John Clayton (footballer)

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John Clayton
Personal information
Date of birth (1961-08-20) 20 August 1961 (age 56)
Place of birth Elgin, Scotland
Playing position Striker
Senior career*
Years Team Apps (Gls)
1978–1982 Derby County 24 (4)
1982–1983 Bulova 26 (14)
1983–1984 Chesterfield 33 (5)
1984–1985 Tranmere Rovers 47 (35)
1985–1988 Plymouth Argyle 77 (21)
1988–1990 Fortuna Sittard 47 (16)
1990–1992 FC Volendam 61 (18)
1992–1993 Burnley 3 (1)
* Senior club appearances and goals counted for the domestic league only.

John Clayton (born 20 August 1961) is a Scottish former professional footballer. A striker, he made over 150 appearances in The Football League and had spells playing in Hong Kong and the Netherlands.

A product of the Scottish Highland Football League, Clayton began his professional football career with his home town club, Elgin City FC, then of the Scottish Highland Football League, prior to transferring to England with Derby County, signing with the club at the age of 17 after completing his A-levels.[1] He was forced to retire in 1993 due to persistent back problems that required surgery.[2]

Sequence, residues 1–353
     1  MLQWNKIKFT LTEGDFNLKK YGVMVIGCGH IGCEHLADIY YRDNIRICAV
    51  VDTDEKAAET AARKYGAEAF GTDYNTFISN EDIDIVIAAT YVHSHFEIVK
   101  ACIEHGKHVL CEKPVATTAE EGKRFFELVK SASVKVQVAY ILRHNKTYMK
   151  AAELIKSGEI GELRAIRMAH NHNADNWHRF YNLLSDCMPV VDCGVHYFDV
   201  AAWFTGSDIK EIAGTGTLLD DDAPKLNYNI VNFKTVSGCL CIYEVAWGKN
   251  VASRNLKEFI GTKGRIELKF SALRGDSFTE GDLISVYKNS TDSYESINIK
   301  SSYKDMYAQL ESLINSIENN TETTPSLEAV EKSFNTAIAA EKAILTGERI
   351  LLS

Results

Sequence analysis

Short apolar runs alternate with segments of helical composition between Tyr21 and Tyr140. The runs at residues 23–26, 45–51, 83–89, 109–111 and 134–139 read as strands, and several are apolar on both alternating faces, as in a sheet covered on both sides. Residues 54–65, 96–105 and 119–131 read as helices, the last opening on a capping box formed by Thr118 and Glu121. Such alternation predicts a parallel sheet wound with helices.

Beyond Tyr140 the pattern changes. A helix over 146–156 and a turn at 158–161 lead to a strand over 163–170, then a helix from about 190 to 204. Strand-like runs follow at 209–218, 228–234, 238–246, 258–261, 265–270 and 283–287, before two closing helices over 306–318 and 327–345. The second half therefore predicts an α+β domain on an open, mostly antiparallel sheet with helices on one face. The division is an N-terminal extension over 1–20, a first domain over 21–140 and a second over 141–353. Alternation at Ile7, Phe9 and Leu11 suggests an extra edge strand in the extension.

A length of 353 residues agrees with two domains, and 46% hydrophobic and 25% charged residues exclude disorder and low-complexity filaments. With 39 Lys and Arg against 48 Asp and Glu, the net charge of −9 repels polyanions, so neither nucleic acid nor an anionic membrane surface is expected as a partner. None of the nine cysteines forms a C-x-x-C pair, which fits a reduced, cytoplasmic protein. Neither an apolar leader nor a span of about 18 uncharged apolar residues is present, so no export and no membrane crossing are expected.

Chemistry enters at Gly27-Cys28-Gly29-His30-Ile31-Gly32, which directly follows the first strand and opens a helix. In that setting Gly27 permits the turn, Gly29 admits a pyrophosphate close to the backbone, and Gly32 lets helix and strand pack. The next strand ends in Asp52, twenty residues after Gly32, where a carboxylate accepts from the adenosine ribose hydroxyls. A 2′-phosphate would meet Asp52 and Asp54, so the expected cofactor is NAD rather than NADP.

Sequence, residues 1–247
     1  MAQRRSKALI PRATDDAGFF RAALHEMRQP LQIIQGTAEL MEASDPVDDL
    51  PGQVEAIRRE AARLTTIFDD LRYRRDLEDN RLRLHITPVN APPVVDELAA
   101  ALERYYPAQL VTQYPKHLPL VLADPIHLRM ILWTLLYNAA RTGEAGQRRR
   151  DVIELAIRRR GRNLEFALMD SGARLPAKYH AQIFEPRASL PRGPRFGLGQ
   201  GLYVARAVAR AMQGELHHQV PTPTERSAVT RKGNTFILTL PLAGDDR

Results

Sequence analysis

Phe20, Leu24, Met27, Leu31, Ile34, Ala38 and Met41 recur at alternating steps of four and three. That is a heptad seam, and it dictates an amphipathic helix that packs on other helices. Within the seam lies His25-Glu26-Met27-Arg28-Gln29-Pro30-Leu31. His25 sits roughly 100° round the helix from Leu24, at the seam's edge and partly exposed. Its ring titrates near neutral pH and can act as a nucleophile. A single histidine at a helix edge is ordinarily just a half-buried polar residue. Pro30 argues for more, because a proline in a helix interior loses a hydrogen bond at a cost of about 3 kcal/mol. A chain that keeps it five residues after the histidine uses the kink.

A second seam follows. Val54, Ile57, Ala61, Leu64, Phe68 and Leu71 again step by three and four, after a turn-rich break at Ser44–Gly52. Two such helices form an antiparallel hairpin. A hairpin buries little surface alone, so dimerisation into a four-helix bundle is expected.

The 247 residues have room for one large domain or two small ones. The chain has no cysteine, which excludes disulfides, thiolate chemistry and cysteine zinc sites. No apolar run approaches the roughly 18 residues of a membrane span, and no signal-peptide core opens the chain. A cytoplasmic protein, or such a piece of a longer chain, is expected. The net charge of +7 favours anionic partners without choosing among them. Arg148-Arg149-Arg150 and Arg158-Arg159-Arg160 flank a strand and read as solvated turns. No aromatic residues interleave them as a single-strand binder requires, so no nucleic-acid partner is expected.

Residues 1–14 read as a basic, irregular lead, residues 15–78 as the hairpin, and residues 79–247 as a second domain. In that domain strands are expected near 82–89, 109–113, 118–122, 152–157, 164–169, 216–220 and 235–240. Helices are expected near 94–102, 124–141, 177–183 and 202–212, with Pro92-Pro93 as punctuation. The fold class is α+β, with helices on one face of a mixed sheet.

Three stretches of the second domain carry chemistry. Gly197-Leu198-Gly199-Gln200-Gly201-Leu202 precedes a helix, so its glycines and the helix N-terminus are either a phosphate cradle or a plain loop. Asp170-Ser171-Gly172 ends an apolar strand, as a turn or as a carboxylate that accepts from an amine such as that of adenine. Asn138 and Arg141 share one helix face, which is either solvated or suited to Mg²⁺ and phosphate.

Following his retirement, Clayton moved to Bristol in 1995 because of his wife's business and started assisting Bristol City to coach the various levels of youth football at their academy where his son Jon was playing.[3] He later worked as assistant to Keith Millen with the club's under-17 side and, in October 2006, he was appointed as head coach of Bristol City's academy.[4] In a backroom reshuffle in 2012, Clayton was put in charge of the under-18's side with Willie McStay replacing him as academy boss.[5]


  1. ^ "Clayton - We must get more into the first-team". This is Bristol. 2010-11-10. Retrieved 2012-08-06. 
  2. ^ "John Clayton". Retrieved 2012-08-06. 
  3. ^ "Nailsea United boss hails Clayton". This is Bristol. 2009-02-09. Retrieved 2012-08-06. 
  4. ^ "Clayton is new academy boss". 2006-10-03. Retrieved 2012-08-06. 
  5. ^ "Willie McStay to take over as Bristol City's new head of academy coaching". Bristol Post. 2012-06-04. Retrieved 2012-08-06. 

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